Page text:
January 10, 2018 | Erin Bluvas, firstname.lastname@example.org
Associate professors Mohammed Baalousha (environmental health sciences (ENHS)) and Brie Turner-McGrievy (health promotion, education, and behavior (HPEB)) are recipients of 2018 Breakthrough Star Awards. The researchers are two of 13 faculty members chosen by USC’s Office of the Vice President for Research from a pool of nominations from across the university. Selected by peers based on early career achievements, Breakthrough Stars exceed expectations in their fields, demonstrate exceptional potential and make outstanding contributions to research and scholarship.
"Our goal in developing this award program was to find the most outstanding scholars and researchers in our community and give them the recognition they deserve," ays USC Vice President for Research Prakash Nagarkatti. "But, the truth is that they honor their students and colleagues far more every day, with their hard work and dedication."
Over the past 12 years, I have witnessed the development and progress of Dr. Baalousha to achieve his career goals and to become a world-leading figure in the area of environmental nanoscience.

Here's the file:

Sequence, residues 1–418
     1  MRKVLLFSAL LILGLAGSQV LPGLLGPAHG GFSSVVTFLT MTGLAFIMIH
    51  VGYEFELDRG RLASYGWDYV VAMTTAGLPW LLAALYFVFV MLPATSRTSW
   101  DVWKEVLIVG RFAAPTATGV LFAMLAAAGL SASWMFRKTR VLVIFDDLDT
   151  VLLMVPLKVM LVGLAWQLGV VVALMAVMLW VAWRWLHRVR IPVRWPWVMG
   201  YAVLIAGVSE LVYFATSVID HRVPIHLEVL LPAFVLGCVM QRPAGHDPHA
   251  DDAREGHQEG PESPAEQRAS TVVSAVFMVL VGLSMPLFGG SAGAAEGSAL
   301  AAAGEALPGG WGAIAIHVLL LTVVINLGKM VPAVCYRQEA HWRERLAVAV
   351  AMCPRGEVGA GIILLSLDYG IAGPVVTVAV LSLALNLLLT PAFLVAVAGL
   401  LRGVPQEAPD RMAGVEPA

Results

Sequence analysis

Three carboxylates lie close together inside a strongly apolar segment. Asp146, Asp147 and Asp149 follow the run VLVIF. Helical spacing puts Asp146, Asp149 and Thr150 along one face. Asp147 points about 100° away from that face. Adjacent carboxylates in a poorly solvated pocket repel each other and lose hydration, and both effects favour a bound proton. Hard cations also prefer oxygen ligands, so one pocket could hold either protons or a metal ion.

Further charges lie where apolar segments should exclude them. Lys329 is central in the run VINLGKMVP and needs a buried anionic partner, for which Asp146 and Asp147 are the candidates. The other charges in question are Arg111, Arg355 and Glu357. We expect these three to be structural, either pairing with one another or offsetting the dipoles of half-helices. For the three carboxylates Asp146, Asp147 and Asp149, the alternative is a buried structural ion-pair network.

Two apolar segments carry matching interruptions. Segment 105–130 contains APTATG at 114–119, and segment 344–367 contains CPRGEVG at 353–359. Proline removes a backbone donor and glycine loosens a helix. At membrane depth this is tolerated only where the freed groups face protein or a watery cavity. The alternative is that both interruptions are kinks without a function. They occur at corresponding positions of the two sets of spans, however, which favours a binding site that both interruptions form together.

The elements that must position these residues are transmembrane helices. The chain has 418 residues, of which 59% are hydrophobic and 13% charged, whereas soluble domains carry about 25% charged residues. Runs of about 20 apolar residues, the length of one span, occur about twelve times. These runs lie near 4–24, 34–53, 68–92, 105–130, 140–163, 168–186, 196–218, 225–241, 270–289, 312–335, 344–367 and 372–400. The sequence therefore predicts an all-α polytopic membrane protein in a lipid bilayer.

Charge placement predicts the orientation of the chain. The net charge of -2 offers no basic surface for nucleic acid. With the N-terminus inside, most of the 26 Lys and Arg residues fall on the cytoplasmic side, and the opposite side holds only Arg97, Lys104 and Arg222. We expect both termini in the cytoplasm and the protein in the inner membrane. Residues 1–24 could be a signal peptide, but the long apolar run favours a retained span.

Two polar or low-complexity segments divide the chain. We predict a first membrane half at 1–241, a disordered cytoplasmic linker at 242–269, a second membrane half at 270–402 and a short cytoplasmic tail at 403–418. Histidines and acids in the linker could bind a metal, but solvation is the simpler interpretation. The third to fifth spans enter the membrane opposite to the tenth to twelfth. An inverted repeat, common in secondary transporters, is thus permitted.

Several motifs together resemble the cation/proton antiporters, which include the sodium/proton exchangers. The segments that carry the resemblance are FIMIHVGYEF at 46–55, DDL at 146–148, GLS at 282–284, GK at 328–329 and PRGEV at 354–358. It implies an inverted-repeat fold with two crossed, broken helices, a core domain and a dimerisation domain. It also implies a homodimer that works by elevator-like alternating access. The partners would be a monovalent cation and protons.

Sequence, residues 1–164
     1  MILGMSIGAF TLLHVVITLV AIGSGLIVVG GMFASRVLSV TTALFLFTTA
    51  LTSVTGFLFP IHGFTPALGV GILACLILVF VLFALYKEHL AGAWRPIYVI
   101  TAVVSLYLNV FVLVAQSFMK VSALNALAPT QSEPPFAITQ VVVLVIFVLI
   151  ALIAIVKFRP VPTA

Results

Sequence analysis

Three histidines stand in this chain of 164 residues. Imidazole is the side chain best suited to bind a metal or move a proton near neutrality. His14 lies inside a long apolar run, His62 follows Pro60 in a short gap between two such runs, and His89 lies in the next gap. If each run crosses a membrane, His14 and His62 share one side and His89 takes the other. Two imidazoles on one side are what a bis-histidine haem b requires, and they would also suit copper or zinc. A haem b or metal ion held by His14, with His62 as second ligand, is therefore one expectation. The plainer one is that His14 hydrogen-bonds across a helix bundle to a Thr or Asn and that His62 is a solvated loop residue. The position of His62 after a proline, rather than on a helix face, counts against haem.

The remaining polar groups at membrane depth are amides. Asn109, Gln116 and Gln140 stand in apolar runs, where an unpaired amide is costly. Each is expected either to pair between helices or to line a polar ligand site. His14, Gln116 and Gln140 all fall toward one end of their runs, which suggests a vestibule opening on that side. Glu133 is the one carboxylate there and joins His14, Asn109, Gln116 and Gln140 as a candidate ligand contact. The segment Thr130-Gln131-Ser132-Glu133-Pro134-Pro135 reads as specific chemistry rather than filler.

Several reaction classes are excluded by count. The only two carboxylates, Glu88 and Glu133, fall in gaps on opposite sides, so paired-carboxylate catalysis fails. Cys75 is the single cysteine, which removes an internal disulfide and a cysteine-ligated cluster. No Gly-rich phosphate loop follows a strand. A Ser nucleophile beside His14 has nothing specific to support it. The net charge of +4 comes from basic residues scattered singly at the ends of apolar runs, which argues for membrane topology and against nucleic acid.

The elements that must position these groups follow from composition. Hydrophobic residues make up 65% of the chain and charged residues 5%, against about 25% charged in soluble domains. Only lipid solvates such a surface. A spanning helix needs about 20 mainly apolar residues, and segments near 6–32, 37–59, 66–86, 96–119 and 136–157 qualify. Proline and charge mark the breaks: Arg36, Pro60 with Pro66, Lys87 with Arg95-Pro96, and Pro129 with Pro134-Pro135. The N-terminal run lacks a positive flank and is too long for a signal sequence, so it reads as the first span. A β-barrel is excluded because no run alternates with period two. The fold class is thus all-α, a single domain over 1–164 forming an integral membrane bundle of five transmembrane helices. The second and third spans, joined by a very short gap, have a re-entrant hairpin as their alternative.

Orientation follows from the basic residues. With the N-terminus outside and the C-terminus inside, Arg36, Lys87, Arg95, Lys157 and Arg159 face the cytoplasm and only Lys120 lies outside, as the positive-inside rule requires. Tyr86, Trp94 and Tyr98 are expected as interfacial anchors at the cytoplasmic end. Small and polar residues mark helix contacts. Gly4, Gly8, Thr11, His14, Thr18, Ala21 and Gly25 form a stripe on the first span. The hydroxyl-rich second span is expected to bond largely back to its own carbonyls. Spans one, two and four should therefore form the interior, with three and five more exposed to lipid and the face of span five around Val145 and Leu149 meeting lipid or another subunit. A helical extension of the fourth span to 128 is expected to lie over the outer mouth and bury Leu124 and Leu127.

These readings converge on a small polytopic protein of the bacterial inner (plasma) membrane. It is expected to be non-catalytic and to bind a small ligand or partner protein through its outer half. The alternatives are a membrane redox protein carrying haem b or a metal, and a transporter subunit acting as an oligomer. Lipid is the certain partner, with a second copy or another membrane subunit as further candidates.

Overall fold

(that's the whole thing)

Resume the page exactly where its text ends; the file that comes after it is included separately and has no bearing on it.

-Jamie Lead, ENHS professor and CENR director
Specializing in the risks and benefits of naturally occurring and engineered nanoparticles, Baalousha earned a Ph.D. in environmental biogeochemistry from the University of Bordeaux in France in 2006, but he had already begun a postdoctoral fellowship at the University of Birmingham in the United Kingdom during the prior year. Nearly a decade and several research fellowships later, Baalousha departed for the United States to begin his first academic appointment at the Arnold School of Public Health’s ENHS department and SmartState Center for Environmental Nanoscience and Risk (CENR).
Since then, the Emerging Investigator Award winner (Journal of Environmental Science) has published 26 peer-reviewed papers (66 total during his career) and is working on his second book. Baalousha has secured more than $1.3 million in competitive research grants, including a $510,000 National Science Foundation Faculty Early Career Development Program Award and a $286,000 award to support his National Science Foundation EPSCoR Research Fellowship. He’s played a critical role in the development of CENR, including the mentorship and education of K12 and university graduate and undergraduate students and has served in leadership roles within the field through activities such as editing special issues for peer-reviewed journals and chairing international conferences.
“Dr. Baalousha is recognized nationally and internationally by those in his field as a leading environmental health and public health scientist developing a research core area that will make USC shine in establishing an international reputation for excellence in nanomaterial science and health effects in humans and the environment,” says ENHS chair Geoff Scott.